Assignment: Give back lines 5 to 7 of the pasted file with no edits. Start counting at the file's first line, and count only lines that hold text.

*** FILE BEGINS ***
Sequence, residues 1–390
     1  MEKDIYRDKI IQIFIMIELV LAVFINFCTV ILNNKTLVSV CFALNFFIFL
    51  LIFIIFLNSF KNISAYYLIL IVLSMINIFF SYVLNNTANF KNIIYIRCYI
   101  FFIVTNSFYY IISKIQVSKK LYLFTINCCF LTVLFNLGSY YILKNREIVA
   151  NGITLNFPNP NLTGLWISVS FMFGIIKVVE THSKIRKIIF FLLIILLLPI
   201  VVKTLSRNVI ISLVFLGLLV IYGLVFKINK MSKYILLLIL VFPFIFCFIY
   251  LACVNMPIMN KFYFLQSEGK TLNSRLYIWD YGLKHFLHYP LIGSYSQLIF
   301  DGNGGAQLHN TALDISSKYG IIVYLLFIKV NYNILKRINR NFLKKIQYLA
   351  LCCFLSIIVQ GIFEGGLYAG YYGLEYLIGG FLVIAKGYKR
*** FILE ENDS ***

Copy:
   151  NGITLNFPNP NLTGLWISVS FMFGIIKVVE THSKIRKIIF FLLIILLLPI
   201  VVKTLSRNVI ISLVFLGLLV IYGLVFKINK MSKYILLLIL VFPFIFCFIY
   251  LACVNMPIMN KFYFLQSEGK TLNSRLYIWD YGLKHFLHYP LIGSYSQLIF